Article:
Remote patient monitoring and telehealth have seen an unprecedented boom throughout most of 2020 and even the early part of 2021. As the pandemic’s grip on the globe eases and patients return to in-person visits, the future hangs in the balance for many companies that landed huge chunks of capital for their remote platforms.
Babylon Health is one such company. In this Hot Take, senior analyst Alex Lennox-Miller explores the challenges that their offering will face upon entry into a tough U.S. market, as well as concerns that their patient population in the U.K. will not be representative of their potential stateside consumers.
Chilmark’s upcoming Market Trends Report on Virtual Care will explore these issues and more in greater depth; you can sign up here if you’d like to be added to our mailing list to receive updates on the research.
Transcript of the video below:
Alex Lennox-Miller: [00:00:00] Babylon Health made its reputation with an immensely cherry-picked population. Moving into the U.S. market? They can’t. We need to know, can Babylon really provide the kind of results that they’re promising? And underlying their technology might be some really worrying biases and problems.
[00:00:22] Welcome back to the Chilmark Research Channel. I’m Alex Lennox-Miller, a senior analyst here at Chilmark Research. While you’re watching the video, make sure to like, subscribe to our channel to stay up to date on all of our content and leave a comment below. We love to hear from you and we love to continue the conversation.
[00:00:41] Babylon Health has finally gone public in the U.S. with a $4.2 billion valuation. There are still a couple of really big questions as they transition into the U.S. market. In the U.K., Babylon was funded essentially by the NHS. They were paid an amount per patient, but the patients that they got had to meet certain requirements. The result was a very specific population, one that was overwhelmingly young, almost exclusively centered in affluent, healthy neighborhoods with very distinct health challenges from the population at large.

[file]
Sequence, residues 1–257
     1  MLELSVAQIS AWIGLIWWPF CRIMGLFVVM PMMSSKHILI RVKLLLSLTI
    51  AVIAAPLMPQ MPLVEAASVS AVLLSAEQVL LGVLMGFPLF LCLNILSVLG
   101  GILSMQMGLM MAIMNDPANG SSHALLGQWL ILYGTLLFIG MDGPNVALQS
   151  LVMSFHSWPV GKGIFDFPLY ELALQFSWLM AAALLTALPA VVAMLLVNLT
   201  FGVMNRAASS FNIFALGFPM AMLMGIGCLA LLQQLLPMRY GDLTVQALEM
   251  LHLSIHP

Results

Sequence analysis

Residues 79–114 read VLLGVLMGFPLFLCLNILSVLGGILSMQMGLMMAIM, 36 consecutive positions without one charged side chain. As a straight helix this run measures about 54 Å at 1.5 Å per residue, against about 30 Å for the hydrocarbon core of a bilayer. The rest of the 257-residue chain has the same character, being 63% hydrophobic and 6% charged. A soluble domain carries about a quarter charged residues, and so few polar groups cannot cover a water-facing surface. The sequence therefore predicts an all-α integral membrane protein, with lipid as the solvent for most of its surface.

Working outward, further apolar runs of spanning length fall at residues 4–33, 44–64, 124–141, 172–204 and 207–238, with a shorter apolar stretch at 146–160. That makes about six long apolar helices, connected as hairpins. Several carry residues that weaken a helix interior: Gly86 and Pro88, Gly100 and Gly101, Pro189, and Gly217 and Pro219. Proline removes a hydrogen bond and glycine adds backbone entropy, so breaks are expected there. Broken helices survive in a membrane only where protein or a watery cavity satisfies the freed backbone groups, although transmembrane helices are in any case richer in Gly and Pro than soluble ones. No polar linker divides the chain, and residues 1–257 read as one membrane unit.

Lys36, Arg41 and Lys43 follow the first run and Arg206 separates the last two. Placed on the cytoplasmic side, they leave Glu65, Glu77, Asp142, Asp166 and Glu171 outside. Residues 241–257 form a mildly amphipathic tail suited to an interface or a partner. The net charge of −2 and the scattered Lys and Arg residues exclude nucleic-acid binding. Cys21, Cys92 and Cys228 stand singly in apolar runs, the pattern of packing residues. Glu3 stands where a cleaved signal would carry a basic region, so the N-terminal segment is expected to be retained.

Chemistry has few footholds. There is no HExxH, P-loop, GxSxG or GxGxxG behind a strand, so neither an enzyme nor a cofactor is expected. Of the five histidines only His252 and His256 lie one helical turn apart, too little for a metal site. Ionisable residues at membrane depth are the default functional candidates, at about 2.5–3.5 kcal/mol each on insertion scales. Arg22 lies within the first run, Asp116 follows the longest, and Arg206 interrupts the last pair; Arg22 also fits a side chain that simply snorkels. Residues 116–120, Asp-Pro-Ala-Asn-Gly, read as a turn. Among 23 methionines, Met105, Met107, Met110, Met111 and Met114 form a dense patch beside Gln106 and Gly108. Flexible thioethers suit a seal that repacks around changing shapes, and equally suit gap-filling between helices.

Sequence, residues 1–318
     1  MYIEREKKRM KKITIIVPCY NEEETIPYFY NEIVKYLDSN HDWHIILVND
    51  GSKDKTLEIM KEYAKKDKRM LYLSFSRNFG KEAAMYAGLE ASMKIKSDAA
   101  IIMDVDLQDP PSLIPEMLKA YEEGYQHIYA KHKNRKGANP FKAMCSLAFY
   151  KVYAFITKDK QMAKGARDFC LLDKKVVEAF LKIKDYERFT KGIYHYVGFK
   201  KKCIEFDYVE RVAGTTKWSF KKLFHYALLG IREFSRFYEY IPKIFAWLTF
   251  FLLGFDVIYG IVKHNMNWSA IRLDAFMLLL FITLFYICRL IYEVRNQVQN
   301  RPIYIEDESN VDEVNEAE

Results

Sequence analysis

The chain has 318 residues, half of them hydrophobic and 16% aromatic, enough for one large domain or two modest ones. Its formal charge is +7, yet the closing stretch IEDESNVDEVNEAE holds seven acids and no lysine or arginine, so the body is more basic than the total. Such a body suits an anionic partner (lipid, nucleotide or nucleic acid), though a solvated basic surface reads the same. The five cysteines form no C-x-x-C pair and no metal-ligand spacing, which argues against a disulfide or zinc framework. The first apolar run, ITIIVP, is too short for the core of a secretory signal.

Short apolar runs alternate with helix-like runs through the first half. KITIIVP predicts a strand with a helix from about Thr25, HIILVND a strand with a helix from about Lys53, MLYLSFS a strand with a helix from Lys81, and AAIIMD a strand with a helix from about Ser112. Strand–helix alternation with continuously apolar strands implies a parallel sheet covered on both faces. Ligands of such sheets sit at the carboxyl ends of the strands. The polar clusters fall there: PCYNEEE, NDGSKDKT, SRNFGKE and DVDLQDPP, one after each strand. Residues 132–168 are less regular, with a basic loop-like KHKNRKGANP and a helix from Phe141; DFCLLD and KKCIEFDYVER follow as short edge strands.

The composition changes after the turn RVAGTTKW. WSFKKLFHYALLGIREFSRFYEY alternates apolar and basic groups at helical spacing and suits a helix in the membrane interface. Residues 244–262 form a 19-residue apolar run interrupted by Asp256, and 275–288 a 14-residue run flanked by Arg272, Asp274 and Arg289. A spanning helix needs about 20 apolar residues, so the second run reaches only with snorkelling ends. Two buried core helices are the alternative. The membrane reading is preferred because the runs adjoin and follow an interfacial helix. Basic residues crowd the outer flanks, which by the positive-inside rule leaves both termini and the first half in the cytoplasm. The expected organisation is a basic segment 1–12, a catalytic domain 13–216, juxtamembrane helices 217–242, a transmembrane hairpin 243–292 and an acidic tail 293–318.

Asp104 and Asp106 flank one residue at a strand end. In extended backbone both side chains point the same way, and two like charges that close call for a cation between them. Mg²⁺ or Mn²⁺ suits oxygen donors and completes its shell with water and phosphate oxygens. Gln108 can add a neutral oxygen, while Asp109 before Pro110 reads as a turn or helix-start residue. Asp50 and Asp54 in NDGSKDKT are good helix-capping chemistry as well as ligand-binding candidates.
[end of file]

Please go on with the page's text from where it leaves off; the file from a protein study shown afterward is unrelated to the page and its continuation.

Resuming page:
[00:01:25] They were essentially the worried well. They were people who didn’t have serious health challenges, didn’t have serious chronic conditions, wanted to be able to access their primary care provider or GP on demand.
[00:01:40] And for them, Babylon was perfect. They loved it. Providers with Babylon were very happy. But Babylon did not have to provide the kind of challenging, complex care management that’s really needed when you have a population facing serious chronic illness. As they move into the U.S., the population that they’re addressing can’t be selected that way. When you look at the practices that they’ve acquired and the populations that they’re trying to address, they’re frequently sicker than the norm, not healthier. These are people with really serious needs, and it’s a level of need Babylon has never had to address with their technology platform before.
[00:02:30] When you look at the technology Babylon offers, it’s essentially their A.I.-driven symptom and triage checker, which is impressive. Don’t get me wrong, I love technology and I love these things. But when you look at what they have, it’s not enough. Remote appointments, a patient front-facing triage checker, but a serious lack of the supporting elements, the supporting resources, the remote monitoring, the ongoing coaching and health management that a company like Livongo provides to their patients. It really makes you wonder how good the care Babylon provides can be, and if they’ll be able to prevent the kinds of really costly hospitalizations, E.D. visits, and intensifications of symptoms that they need to meet the revenue targets of their value-based contracts.
[00:03:25] The other big issue, and this is one that faces the industry as a whole, not just Babylon, is rooted in some of the fundamental elements of algorithmic A.I. We know that bias can propagate in these algorithms. Sometimes it comes from the algorithm itself. Sometimes it’s rooted in the best medical practices that the algorithm is based on. Some of those come from decades of practice but are still rooted in research and investigations that were biased in and of themselves. When you look at some of the results that people have published–about the Babylon platform diagnosing women who have heart attack symptoms with panic attacks, for example, when they diagnose men with much more serious conditions and advise them to visit an E.R.–it really makes you wonder.
[00:04:21] It’s possible to address these issues. I hope Babylon has. But we don’t know. And when you talk about an algorithm that’s intended to be the first and central experience of somebody’s primary care, not knowing isn’t acceptable.